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BEATRIX FARRAND’S DUMBARTON OAKS WILD GARDEN—REVEALED

Monday, January 19, 2015 | Posted by lalh

The section of land near Rock Creek Parkway in Washington D.C. known as Dumbarton Oaks Park is also one of landscape architect Beatrix Farrand’s masterpieces, the wild garden she designed for the Dumbarton Oaks estate during the 1920s and 1930s. Over the last ninety years, this Farrand garden has become increasingly overgrown, as invasive species multiply, trees mature, and erosion takes its toll. Visitors to the area are largely unaware of its existence, much less its historical importance as a designed space.

Porcelain berry (Ampelopsis brevipedunculata) and other invasive species choke native vegetation in Dumbarton Oaks Park

Porcelain berry (Ampelopsis brevipedunculata) and other invasive species choke native vegetation in Dumbarton Oaks Park. Photograph by Jim Osen.

Today, Farrand’s masterpiece is slowly re-emerging, thanks to the efforts of the Dumbarton Oaks Park Conservancy. In partnership with the National Park Service, the group launched its Signature Project, a joint effort to restore the 27-acre garden to its former glory as Farrand’s “crowning achievement.” Since 2010, the project has painstakingly cleared areas, restored meadows, re-introduced plantings, and devised long-term solutions to the issues of future maintenance. The landscape that Farrand designed for Robert and Margaret Bliss as a place reflecting “the illusion of country life,” is slowly returning for all to enjoy and explore.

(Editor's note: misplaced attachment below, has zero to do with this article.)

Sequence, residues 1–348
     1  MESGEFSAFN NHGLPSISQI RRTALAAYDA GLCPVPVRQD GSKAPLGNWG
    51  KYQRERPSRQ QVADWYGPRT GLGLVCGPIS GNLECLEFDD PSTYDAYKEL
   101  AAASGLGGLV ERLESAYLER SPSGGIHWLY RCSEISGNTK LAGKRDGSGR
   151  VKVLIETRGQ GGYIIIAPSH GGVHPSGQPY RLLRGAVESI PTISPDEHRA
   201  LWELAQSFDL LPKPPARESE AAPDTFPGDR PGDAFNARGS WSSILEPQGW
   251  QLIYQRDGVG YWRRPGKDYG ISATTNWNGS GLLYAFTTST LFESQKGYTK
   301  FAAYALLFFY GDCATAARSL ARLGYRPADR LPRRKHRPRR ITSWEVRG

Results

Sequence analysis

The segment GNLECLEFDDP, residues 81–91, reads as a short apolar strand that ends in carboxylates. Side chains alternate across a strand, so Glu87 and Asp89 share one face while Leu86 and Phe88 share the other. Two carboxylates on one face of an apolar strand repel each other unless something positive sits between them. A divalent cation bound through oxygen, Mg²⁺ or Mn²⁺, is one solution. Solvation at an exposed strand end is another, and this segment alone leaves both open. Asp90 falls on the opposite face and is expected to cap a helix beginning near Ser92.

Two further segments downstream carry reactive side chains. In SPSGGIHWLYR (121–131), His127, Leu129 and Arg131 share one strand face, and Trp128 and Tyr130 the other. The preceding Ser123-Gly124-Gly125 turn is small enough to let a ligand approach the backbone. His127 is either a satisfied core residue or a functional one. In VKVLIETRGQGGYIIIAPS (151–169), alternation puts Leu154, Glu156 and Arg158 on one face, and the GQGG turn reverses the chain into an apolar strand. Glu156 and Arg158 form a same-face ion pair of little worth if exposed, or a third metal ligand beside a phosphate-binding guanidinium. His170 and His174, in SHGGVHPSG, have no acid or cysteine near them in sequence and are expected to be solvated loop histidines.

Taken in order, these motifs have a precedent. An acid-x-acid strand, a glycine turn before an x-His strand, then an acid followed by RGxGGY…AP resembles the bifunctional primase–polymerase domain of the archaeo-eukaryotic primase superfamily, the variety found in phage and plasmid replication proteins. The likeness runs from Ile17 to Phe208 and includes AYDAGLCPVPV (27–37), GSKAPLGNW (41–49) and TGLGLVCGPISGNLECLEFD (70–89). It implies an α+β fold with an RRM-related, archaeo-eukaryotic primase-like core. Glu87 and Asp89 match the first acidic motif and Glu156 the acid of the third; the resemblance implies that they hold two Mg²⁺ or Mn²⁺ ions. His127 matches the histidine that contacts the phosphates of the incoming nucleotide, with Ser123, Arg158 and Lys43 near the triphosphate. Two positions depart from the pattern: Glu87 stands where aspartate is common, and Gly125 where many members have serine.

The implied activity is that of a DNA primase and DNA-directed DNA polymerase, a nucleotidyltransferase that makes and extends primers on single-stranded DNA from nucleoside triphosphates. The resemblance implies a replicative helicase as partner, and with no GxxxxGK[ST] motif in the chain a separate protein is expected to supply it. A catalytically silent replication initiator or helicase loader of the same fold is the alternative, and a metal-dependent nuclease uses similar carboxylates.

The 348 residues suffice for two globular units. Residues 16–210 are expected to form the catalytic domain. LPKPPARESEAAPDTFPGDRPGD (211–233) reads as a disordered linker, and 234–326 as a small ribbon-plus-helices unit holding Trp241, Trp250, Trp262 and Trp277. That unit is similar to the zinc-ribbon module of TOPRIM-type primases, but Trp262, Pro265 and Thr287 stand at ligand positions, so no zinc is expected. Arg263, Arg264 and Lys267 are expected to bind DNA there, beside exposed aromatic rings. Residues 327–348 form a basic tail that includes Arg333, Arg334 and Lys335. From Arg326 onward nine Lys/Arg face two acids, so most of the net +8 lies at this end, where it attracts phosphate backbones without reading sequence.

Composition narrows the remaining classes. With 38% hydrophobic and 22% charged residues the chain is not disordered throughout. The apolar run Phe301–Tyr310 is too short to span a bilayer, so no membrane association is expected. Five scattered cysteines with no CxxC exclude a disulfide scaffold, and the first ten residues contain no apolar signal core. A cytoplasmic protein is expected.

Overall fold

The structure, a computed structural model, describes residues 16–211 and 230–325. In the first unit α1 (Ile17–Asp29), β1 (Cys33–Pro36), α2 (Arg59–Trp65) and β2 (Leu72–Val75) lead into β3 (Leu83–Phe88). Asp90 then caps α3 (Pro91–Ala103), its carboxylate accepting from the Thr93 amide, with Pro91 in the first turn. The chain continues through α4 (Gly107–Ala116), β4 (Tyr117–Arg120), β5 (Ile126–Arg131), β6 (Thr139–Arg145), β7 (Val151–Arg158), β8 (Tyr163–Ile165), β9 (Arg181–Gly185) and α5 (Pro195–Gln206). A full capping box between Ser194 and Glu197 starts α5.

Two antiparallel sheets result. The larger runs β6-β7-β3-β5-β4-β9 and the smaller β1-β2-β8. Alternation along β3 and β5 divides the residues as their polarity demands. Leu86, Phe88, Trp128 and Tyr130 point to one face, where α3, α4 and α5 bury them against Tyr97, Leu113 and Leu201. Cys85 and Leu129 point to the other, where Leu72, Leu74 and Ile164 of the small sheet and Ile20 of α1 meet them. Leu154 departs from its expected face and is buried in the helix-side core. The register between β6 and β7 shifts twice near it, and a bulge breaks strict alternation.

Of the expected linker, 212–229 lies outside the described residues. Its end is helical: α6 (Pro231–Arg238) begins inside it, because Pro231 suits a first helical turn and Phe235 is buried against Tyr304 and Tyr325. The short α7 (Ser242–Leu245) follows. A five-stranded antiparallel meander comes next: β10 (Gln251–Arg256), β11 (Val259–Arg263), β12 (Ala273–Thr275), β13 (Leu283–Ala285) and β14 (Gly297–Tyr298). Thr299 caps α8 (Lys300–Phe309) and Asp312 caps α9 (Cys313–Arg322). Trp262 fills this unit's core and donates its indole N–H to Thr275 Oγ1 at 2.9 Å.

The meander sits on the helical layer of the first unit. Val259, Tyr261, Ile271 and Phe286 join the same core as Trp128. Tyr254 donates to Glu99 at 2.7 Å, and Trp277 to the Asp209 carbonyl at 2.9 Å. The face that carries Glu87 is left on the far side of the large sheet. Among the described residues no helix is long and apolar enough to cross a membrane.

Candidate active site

Volunteers remove invasive plants

Volunteers from the International Monetary Fund help remove invasive plants near the Massachusetts Avenue border of Dumbarton Oaks Park. Courtesy Dumbarton Oaks Park Conservancy Facebook page.

Adrian Higgins, gardening columnist for the Washington Post, recently visited the park and reported on the Conservancy’s impressive progress.

For more about Dumbarton Oaks and Beatrix Farrand read the preservation profile Dancing into the Future: Dumbarton Oaks Park (2012), or A Genius for Place by Robin Karson, or view the online gallery from the accompanying exhibition.

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